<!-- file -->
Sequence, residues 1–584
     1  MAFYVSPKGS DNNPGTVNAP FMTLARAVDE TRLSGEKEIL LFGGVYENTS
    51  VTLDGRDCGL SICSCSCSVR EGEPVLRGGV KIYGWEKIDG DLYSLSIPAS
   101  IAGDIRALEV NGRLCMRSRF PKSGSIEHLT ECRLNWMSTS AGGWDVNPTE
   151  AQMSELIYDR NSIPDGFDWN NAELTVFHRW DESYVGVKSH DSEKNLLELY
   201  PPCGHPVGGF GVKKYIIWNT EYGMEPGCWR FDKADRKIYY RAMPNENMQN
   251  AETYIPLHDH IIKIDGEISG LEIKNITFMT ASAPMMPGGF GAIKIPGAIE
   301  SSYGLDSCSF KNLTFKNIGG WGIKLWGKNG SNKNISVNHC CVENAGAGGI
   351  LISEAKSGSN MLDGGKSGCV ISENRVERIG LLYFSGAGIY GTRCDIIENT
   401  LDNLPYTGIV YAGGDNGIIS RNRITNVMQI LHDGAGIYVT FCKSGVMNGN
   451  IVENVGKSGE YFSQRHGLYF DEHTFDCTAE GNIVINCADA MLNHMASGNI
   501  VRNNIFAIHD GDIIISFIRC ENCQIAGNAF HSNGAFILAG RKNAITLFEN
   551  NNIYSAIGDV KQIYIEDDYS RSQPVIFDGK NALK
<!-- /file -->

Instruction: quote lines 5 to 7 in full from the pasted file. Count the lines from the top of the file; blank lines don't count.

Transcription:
   151  AQMSELIYDR NSIPDGFDWN NAELTVFHRW DESYVGVKSH DSEKNLLELY
   201  PPCGHPVGGF GVKKYIIWNT EYGMEPGCWR FDKADRKIYY RAMPNENMQN
   251  AETYIPLHDH IIKIDGEISG LEIKNITFMT ASAPMMPGGF GAIKIPGAIE